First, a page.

The Implications of Bank Discrimination Based on Personal Views: A Deep Dive into the Nigel Farage Case and Its Potential Impact on Digital Currency

In recent times, we have seen a surge in cases where banks have closed accounts without providing a concrete reason to the account holder. A notable example is Nigel Farage, a British politician and broadcaster, who had his bank accounts closed without any clear explanation. This has raised serious questions about the power banks hold and the potential for discrimination based on personal views.

The Nigel Farage Case: An Overview

Nigel Farage, known for his strong political views, found himself in a predicament when his personal and business bank accounts were abruptly closed. The banks’ actions were within their rights, as outlined in their terms and conditions and various pieces of legislation. However, these laws primarily pertain to situations involving money laundering or suspicious activity, neither of which Farage was accused of.

The banks’ decision to close Farage’s accounts could be seen as a risk management strategy. Farage, being a politically exposed person, could potentially bring the bank into a risk category due to his political views or affiliations. However, the lack of transparency and explanation from the banks has led to speculation about the true reasons behind their decision.

Discrimination or Risk Management?

While banks have the right to close accounts for various reasons, including potential risks associated with the account holder, the line between risk management and discrimination can often blur. A recent case involving the Yorkshire Building Society highlights this issue. The Society admitted to severing ties with a client who questioned the use of Pride Flags in their branches, stating that they would close a savings account if a customer was “rude, abusive, violent, or discriminates in any way.”

However, what constitutes “discrimination” can be subjective. What one person views as a discriminatory statement, another might see as a philosophical belief worthy of protection. This brings us to the landmark case of Maya Forstatter.

The Maya Forstatter Case: A Precedent for Protection of Philosophical Beliefs

The Maya Forstatter case serves as a significant precedent in the discussion of philosophical beliefs and their protection under the Equality Act. Forstatter, a researcher, was not offered a renewal of her contract after tweeting about proposed reforms to the Gender Recognition Act. Her tweets, which expressed her belief that individuals cannot change their biological sex, were deemed ‘gender critical’.

Initially, Forstatter’s beliefs were not considered worthy of respect in a democratic society. However, upon appeal, the Employment Appeal Tribunal overturned this decision, creating a legal precedent that protects beliefs about sex and gender identity. This ruling means that individuals should not face discrimination or harassment at work or when using a service because of their beliefs.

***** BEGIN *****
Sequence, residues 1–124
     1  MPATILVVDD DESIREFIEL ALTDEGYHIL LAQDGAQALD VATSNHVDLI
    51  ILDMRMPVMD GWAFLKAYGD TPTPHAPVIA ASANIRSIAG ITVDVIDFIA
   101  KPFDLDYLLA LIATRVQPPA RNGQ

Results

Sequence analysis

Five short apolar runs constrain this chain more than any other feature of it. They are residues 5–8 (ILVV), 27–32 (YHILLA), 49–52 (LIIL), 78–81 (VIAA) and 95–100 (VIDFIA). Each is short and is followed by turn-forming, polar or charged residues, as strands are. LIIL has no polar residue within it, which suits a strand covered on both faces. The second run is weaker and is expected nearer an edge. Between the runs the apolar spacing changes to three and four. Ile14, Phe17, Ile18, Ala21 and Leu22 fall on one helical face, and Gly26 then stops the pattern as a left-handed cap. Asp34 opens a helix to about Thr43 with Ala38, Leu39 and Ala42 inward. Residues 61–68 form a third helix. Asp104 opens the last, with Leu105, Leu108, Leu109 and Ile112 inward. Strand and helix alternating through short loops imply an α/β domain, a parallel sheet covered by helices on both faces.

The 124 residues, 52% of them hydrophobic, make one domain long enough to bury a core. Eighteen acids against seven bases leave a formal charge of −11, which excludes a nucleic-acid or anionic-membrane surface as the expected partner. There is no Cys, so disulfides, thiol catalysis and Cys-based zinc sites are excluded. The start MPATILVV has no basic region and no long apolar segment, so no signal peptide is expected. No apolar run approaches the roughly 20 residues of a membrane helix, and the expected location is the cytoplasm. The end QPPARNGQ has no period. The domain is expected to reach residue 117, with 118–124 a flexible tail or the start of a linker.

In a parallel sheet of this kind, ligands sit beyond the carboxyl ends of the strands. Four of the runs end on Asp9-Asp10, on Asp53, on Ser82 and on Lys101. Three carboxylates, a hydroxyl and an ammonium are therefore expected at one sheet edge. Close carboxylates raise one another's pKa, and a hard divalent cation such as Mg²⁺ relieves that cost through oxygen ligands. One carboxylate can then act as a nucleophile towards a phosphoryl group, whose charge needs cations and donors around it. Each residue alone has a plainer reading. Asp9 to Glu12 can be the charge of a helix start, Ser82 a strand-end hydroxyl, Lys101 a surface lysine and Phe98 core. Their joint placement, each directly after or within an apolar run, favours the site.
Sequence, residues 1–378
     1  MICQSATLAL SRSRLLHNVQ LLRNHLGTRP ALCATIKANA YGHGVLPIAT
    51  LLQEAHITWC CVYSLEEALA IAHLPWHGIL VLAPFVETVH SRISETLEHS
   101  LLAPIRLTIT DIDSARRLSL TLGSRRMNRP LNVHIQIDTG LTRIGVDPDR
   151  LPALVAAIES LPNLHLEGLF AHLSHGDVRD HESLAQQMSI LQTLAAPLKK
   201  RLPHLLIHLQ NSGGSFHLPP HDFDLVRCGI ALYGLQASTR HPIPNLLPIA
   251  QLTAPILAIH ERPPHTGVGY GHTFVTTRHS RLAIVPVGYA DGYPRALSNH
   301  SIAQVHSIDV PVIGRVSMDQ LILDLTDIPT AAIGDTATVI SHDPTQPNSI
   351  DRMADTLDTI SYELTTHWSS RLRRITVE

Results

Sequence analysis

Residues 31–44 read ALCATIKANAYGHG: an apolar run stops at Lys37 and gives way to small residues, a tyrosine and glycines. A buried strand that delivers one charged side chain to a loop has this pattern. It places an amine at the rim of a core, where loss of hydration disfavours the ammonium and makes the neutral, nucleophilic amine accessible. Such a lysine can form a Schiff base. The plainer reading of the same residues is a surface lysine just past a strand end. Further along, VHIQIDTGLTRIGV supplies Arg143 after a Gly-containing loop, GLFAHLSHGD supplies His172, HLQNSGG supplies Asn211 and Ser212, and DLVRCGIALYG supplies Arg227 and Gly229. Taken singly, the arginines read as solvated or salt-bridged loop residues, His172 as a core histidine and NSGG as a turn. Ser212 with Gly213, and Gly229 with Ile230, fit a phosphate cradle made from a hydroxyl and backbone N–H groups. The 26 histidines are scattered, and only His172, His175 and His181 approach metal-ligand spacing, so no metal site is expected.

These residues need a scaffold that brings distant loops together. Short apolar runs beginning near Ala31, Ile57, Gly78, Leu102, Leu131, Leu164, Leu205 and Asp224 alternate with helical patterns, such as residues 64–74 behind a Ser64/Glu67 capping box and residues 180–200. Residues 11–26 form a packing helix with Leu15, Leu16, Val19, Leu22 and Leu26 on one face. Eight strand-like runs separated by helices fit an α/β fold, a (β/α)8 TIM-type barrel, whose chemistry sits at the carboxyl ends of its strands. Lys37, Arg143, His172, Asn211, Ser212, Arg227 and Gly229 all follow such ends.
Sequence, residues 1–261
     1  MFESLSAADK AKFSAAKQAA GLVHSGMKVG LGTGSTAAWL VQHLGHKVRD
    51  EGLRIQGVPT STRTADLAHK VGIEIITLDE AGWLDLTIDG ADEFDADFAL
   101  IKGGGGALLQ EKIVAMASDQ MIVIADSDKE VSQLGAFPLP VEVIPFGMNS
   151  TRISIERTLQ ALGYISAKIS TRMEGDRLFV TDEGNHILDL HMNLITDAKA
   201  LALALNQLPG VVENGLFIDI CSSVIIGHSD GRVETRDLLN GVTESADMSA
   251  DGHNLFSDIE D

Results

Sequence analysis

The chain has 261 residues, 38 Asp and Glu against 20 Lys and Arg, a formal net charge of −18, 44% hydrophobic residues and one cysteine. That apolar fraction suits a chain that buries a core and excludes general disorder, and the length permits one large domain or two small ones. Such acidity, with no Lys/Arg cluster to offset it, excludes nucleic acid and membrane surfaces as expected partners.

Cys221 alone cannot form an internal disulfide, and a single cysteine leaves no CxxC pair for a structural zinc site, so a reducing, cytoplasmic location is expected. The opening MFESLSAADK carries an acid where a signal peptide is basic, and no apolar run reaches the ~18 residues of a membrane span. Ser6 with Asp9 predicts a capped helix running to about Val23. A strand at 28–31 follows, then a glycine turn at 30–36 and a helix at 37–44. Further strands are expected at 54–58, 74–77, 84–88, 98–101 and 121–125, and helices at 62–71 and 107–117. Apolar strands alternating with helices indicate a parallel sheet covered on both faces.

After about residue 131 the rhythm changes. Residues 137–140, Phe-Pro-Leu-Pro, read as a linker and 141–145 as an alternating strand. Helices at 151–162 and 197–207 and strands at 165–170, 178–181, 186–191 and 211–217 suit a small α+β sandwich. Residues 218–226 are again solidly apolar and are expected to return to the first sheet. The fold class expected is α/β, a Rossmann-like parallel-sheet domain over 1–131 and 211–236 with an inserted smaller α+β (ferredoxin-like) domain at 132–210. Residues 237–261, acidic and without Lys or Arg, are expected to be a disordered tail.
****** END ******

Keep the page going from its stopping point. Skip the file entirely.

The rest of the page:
Implications for Banking

When we apply the precedent set by the Forstatter case to the banking sector, it raises some interesting questions. If a bank were to close an account based on a customer’s gender-critical views, it could potentially be seen as discriminatory. Given that these views are now protected as philosophical beliefs under the Equality Act, the bank could be liable for damages.

However, the situation becomes more complex when we consider the bank’s obligations under money laundering regulations. Banks are prohibited from ‘tipping off’ a customer if they suspect that their account is being used for money laundering or other fraudulent activities. This means that if a bank closes an account for these reasons, they cannot disclose this to the customer.

If a customer were to bring a claim for discrimination against the bank, believing their account was closed due to their political views, the bank would face a difficult decision. They would either have to assert that they had legitimate reasons related to money laundering or fraud, which they could not disclose, or admit that they disagreed with the customer’s political views, which could potentially be seen as discriminatory.

The Future of Digital Currency

The move towards digital currency could potentially exacerbate these issues. With digital currency, control over your money is almost entirely in the hands of the banks. If a bank decides to close your account, you could lose access to your funds almost instantly. This could have serious implications, particularly for those who hold views that their bank may disagree with.

While digital currency offers many benefits, it also presents new challenges. As we move towards a more digital world, it’s crucial that we consider the potential implications for freedom of speech and discrimination.


The cases of Nigel Farage and Maya Forstatter highlight the potential for discrimination based on personal views within the banking sector. As we move towards a more digital world, it’s crucial that we consider the potential implications for freedom of speech and discrimination. Banks must strike a balance between managing risk and respecting their customers’ rights to hold and express their beliefs.

While the law provides some protection, it’s clear that more needs to be done to ensure that individuals are not unfairly targeted because of their beliefs. As we move towards a future of digital currency, these issues will become even more critical. It’s crucial that we continue to discuss and address these challenges to ensure a fair and inclusive banking sector for all.

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[1] Yorkshire Building Society admits it closed account after customer questioned use of Pride flags

[2] Maya Forstatter v CGD Europe and others

Note: This blog post is based on a video from the Blackbelt Barrister YouTube channel. You can watch the full video here.